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I guess one of the unsung influences on my life was a TV programme I used to watch in the 1960’s and 1970’s. Such was the appeal of this famous TV magazine show that it is still on our screens today – Blue Peter. A regular feature of the show was a presenter creating a toy from left over rubbish, the origin of the phrase “Here’s one I made earlier”, something todays youth rarely do. Back in the 60’s and 70’s money was tight and expensive well made toys were beyond the reach of the majority. Blue Peter showed us the way to make those same expensive toys for a fraction of the cost, – the famous Thunderbirds Tracey Island is a prime example.

Blue Peter sparked my interest in art and taught me skills that enabled me to create something from ‘nothing’.

Many years later those same skills came back into play when I started designing and building stage sets for an amateur dramatic group called The Square Drama Circle. All the sets were built on an almost zero budget, recycling and re using old sets to create new ones.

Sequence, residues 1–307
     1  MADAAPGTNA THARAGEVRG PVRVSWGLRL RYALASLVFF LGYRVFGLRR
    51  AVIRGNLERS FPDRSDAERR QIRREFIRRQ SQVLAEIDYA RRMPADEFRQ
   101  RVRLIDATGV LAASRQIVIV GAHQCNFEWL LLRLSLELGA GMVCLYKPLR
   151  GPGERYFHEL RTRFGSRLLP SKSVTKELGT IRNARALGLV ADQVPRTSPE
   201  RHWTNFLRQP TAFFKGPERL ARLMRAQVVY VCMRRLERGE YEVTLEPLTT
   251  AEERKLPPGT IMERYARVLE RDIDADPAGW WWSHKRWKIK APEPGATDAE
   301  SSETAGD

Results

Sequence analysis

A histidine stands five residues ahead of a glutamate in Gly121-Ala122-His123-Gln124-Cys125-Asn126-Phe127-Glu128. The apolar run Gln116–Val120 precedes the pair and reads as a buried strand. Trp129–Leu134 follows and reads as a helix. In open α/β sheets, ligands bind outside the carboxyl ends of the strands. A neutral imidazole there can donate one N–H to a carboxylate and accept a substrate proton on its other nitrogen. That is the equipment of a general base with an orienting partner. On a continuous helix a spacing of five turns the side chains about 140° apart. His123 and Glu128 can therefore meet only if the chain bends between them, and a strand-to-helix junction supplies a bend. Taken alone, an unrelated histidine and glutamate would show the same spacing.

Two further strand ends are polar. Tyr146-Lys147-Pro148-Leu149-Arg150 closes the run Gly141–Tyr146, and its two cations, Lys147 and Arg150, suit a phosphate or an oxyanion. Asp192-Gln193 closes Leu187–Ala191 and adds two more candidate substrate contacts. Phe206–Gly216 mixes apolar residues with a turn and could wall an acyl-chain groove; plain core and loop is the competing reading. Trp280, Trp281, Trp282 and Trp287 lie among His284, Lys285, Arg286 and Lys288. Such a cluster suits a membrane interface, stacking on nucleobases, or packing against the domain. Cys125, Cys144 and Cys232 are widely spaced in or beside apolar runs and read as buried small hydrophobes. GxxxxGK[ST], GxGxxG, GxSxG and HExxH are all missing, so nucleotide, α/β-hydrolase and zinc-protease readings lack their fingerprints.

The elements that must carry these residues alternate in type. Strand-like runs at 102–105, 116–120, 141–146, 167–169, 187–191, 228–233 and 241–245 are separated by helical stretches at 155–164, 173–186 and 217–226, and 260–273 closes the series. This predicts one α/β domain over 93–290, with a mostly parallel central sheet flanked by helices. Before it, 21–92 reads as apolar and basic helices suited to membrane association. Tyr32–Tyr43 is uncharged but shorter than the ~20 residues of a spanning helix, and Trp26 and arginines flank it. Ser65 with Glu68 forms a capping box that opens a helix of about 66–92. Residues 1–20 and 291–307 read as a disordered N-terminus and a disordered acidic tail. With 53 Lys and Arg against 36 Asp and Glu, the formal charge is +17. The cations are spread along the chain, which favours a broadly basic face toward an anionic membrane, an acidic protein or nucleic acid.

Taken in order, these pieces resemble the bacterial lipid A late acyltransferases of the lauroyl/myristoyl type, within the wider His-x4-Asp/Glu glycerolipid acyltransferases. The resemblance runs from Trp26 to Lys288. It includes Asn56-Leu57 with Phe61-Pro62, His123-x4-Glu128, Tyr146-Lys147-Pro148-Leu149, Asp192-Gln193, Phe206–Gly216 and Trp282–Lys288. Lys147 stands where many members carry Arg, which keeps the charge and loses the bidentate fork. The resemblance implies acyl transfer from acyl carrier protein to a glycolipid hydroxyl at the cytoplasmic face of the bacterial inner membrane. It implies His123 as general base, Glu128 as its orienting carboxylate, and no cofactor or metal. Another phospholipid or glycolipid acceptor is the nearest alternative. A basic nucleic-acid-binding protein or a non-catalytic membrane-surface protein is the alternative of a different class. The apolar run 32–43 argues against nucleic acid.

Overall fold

I have over the years created everything from Captain Hooks Pirate ship (Peter Pan) to Renee’s café from the sit com ‘Allo Allo’.

My latest efforts involved painting the back drop of London at night for ‘Bill Sykes’ death scene in the Charles Dickens classic ‘Oliver Twist’, and by stark contrast this January painting the ‘Munchkin Village’ for their production of ‘The Wizard of Oz’.

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Each ‘canvas’ is in reality a wall nearly 30 feet x 12 feet in size and is generally the first scene seen by the public in the show. The painting therefore must have impact and be perspectively correct or the audience won’t immerse themselves into the performance.

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Another key feature is to lead the eye, relatively easy when a yellow brick road is involved, in order to give the painting a 3D effect and make the stage appear bigger than it actually is.

To add fun for the junior members of the cast who join us once a year for the pantomime, I always hide a mouse somewhere on the painting and this has become a signature over the years.

The art lessons I have received have improved my painting and drawing skills and this latter painting received much praise.

Having gained the reputation as the group’s artist and photographer, I also design the posters used for the show, photograph the final dress rehearsal, take costume portraits of the cast and also film one performance and create a DVD so that the cast and crew can see how the show looked from the audience’s perspective.

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